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For Boards to Work, They Need to Work Hard

A recent survey conducted by McKinsey and the Canada Pension Plan Investment Board (CPPIB) discussed by the Harvard Business Review found that directors globally were the greatest source of pressure and were most responsible for their organizations’ overemphasis on short-term financial results and under emphasis on long-term value creation, with an overwhelming 74% of responses from those identified as board members actually pointing the finger at themselves.

An earlier McKinsey study in 2013 found that only 34% directors surveyed fully comprehended their companies’ strategies. In addition, “only 22% said their boards were completely aware of how their firms created value, and just 16% claimed that their boards had a strong understanding of the dynamics of their firms’ industries.”

Ineffective public boards are increasingly the targets of activist investors with the number of interventions by activists increasing 88% from January 2010 to September 2013 according to Activist Insight. Stephen Murray, the president and CEO of CCMP Capital claims that “the whole activist industry exists because public boards are often seen as inadequately equipped to meet shareholder interests.”

Directors need to remember their fiduciary duty. They have made a commitment to help drive value throughout the company and position it for future growth. In order to do so, McKinsey highlights key critical components to formulating an effective and successful board:

  • Selecting the right people. In short, companies keep appointing directors who aren’t independent thinkers and whose experience is too general.
  • Spending quality time on strategy. Most governance experts would agree that public-company directors need to put in more days on the job and devote more time to understanding and shaping strategy. While McKinsey recommends that board members dedicate at least 35 days a year to the job, the precise number of days a board meets or the mix of field trips isn’t the main issue. What matters most is the quality and depth of the strategic conversations that take place.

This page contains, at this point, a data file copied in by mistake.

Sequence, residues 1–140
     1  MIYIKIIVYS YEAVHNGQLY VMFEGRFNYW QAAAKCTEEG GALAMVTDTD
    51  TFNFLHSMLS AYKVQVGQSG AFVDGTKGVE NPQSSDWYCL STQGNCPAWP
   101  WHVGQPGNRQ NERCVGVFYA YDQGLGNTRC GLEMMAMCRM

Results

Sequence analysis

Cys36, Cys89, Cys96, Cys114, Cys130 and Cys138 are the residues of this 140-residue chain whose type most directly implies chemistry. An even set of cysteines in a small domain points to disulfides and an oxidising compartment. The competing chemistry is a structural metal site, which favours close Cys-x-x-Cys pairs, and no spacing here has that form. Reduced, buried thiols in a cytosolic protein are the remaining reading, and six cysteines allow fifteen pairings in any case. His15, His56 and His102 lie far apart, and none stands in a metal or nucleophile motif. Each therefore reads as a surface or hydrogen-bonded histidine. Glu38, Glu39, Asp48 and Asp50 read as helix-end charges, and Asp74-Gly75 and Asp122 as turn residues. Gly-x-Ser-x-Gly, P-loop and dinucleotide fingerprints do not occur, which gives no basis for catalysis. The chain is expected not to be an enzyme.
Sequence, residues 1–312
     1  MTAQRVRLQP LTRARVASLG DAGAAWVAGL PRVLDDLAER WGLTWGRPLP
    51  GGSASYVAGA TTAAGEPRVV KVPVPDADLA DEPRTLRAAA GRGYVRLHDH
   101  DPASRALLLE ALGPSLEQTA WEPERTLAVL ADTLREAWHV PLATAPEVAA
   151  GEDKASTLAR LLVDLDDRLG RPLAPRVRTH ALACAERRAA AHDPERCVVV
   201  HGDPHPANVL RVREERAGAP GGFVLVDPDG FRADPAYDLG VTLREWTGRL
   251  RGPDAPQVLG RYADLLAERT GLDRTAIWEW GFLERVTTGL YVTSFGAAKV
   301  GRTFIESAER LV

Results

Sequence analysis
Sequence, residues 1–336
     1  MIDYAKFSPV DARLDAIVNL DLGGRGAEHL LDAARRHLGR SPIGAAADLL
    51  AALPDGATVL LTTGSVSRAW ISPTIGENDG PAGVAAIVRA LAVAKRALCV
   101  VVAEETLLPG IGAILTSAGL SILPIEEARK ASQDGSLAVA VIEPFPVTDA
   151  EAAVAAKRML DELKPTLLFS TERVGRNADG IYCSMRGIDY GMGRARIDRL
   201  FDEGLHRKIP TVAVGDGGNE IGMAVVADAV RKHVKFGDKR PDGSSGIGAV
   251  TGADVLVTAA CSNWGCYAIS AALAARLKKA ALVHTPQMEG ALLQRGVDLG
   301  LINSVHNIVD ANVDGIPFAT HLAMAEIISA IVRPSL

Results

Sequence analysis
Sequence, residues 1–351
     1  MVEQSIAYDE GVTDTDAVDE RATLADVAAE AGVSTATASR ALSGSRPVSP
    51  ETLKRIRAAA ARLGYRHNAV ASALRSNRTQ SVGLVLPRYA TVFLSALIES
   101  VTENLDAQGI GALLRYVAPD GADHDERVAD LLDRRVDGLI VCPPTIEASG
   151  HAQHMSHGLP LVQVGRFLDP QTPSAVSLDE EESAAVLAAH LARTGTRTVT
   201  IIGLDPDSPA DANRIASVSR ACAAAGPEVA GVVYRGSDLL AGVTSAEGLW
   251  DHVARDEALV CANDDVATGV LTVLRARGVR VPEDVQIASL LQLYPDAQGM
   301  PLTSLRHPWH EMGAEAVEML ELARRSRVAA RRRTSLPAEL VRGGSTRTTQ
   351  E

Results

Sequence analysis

• Engaging with long-term investors. While boards may be guilty of pushing executives to maximize short-term results, we have no doubt where that pressure really originates: financial markets. That’s why it’s essential to persuade institutional investors, whose ownership position makes them the cornerstone of our capitalist system, to be a counterforce. Boards can and should be far more active in facilitating a dialogue with major long-term shareholders—and many investors would welcome such engagement.
  • Paying directors more. Good capitalists believe in incentives. There is a growing consensus that directors should sit on fewer boards and get paid more. McKinsey fully agrees, but the even more important issue is to structure that pay toward longer-term rewards. To get directors really thinking and behaving like owners, companies should ask them to put a greater portion of their net worth on the table. This could be achieved by giving them a combination of incentive shares, a portion of which vests only some years after directors step aside, and requiring incoming directors to purchase equity with their own money.

Remarking on the findings McKinsey’s Dominic Barton and Mark Wiseman say that, “Over time, nothing else will do more to ensure that these core institutions of our capitalist system deliver the kind of sustained value creation that long-term shareholders expect and that our society deserves.